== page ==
The 1930s was a decade in which older, established, non-science fiction specific novelists ran neck in neck with rising young pulpsters who, for the first time, began to challenge their elders in originality and seriousness.
In past decades, writers like Jules Verne, Arthur Conan Doyle, and H.G. Wells dominated the public consciousness with their novels of science and the fantastic. They proved to others that the nascent genre of science fiction could be used to good effect both to warn against social ills and the pitfalls of a rising scientific culture.
At the same time, a completely different set of readers, mostly young and whose view of the future and science was less gloomy and more optimistic than their elders, began to coalesce around the science fiction genre.
Isolated by an ocean or by the vast landscapes of the United States, some of those young people hunkered down at typewriters working long, lonely hours writing, their imaginations fueled by the early pulp magazines of the 1920s which brought science fiction for the first time to a mass audience.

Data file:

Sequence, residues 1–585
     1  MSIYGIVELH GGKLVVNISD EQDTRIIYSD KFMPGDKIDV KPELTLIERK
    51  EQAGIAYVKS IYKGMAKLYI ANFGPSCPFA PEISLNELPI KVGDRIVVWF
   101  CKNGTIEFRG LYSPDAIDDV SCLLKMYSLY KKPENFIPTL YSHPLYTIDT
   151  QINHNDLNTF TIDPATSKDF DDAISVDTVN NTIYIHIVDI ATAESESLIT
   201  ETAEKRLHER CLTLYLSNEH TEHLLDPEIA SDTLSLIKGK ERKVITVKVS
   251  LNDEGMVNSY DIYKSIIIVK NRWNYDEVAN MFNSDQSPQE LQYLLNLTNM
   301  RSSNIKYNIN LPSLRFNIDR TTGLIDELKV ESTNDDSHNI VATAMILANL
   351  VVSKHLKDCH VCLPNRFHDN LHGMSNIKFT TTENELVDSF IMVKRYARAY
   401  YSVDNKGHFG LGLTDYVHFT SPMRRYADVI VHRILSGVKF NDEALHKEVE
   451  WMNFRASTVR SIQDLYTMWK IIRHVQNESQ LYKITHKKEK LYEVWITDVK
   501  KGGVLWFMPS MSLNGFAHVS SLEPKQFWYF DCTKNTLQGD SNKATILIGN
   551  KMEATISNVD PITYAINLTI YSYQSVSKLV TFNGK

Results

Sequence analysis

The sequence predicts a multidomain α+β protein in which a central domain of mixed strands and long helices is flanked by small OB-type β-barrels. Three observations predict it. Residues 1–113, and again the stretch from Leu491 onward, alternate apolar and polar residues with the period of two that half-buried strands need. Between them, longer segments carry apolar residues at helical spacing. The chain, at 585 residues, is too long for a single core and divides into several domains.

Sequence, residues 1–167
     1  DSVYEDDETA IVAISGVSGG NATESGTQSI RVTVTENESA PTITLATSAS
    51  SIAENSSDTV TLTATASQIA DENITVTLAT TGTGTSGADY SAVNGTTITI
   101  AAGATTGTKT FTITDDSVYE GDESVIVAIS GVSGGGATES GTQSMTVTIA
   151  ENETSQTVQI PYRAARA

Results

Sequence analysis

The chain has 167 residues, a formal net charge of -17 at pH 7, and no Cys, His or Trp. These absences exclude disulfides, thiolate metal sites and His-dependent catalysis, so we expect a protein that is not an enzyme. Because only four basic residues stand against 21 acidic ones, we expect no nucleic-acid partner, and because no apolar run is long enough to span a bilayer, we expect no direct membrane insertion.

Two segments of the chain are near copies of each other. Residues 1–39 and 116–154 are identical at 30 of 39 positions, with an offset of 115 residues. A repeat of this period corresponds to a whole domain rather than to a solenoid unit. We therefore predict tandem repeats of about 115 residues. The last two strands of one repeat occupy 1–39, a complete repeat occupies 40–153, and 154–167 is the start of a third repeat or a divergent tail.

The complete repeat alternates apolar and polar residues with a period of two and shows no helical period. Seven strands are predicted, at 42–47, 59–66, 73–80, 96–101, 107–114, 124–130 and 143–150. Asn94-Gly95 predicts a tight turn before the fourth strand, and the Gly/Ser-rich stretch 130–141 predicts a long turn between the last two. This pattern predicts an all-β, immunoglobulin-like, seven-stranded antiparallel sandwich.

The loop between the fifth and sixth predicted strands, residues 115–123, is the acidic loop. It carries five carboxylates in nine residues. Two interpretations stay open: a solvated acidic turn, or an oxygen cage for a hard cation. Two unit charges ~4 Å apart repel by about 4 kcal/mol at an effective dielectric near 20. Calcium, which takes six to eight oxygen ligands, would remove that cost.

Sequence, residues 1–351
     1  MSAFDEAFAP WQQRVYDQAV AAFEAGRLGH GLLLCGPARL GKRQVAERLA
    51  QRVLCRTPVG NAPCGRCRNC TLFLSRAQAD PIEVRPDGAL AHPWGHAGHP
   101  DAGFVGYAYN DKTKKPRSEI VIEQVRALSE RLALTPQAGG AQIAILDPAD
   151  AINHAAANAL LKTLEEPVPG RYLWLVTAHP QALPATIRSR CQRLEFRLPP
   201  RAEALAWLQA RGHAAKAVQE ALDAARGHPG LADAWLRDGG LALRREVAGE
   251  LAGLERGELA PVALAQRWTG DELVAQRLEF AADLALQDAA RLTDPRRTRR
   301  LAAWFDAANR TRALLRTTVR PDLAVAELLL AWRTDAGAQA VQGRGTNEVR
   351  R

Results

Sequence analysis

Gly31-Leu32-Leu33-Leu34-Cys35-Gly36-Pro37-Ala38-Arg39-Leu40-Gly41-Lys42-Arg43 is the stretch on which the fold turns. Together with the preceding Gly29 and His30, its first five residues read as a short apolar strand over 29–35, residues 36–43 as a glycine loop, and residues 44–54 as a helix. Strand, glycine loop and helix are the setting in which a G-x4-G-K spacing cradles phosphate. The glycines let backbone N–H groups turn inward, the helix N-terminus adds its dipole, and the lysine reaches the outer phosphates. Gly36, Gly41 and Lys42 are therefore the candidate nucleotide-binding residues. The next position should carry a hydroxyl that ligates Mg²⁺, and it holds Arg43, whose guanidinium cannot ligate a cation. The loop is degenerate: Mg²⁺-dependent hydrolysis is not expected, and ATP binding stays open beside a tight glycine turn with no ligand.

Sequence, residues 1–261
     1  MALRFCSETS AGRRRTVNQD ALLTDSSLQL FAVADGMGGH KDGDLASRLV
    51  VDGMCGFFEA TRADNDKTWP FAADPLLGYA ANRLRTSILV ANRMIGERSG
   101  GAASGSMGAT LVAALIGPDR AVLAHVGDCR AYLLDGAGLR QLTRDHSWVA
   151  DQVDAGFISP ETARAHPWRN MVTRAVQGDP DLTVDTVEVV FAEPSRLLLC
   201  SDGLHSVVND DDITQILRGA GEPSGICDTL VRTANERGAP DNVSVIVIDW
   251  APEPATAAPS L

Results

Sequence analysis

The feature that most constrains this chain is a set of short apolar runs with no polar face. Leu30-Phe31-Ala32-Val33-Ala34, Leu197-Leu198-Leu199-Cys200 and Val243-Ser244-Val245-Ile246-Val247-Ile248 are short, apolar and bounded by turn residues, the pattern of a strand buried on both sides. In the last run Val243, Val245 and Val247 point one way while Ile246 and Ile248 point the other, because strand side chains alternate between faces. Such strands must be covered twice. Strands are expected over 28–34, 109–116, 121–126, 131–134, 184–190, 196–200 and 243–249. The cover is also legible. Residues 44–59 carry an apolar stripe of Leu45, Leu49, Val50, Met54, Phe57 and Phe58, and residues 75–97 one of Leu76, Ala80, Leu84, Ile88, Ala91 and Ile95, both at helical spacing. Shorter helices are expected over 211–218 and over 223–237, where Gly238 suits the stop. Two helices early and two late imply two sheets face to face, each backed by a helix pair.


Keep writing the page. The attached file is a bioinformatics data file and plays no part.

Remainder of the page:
Murray Leinster, Doc Smith, Edmond Hamilton, Ray Cummings, Stanton A. Coblentz, Harl Vincent, and Jack Williamson all made their first appearances in such magazines as Amazing Stories, Argosy, Weird Tales, and Air Wonder Stories.
Clearly, like interstellar gasses concentrating into stars, the genre of science fiction was coming together with increasing rapidity with the 1930s being the decade when it all finally seemed to come together. In no other decade did so many classic tales of SF appear and so many authors make their initial debuts in print: “The Red Plague” by P. Schuyler Miller and “Marooned on Andromeda” by Clark Ashton Smith in 1930; “The First Martian” by Eando Binder in 1932; “A Matter of Size” by Harry Bates in 1934; “The Faithful” by Lester Del Rey in 1938; “Marooned off Vesta” by Isaac Asimov, “Ether Breather” by Theodore Sturgeon, and “Lifeline” by Robert Heinlein all in 1939.